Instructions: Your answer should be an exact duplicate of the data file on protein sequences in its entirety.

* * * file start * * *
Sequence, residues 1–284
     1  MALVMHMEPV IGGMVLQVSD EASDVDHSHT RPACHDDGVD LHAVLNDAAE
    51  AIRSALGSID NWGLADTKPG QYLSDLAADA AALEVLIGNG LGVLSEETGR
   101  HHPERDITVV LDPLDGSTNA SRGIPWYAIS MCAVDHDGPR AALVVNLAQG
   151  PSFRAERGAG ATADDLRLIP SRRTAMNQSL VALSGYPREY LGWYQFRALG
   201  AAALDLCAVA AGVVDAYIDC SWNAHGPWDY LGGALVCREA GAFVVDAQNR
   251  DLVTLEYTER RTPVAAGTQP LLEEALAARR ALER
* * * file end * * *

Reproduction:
Sequence, residues 1–284
     1  MALVMHMEPV IGGMVLQVSD EASDVDHSHT RPACHDDGVD LHAVLNDAAE
    51  AIRSALGSID NWGLADTKPG QYLSDLAADA AALEVLIGNG LGVLSEETGR
   101  HHPERDITVV LDPLDGSTNA SRGIPWYAIS MCAVDHDGPR AALVVNLAQG
   151  PSFRAERGAG ATADDLRLIP SRRTAMNQSL VALSGYPREY LGWYQFRALG
   201  AAALDLCAVA AGVVDAYIDC SWNAHGPWDY LGGALVCREA GAFVVDAQNR
   251  DLVTLEYTER RTPVAAGTQP LLEEALAARR ALER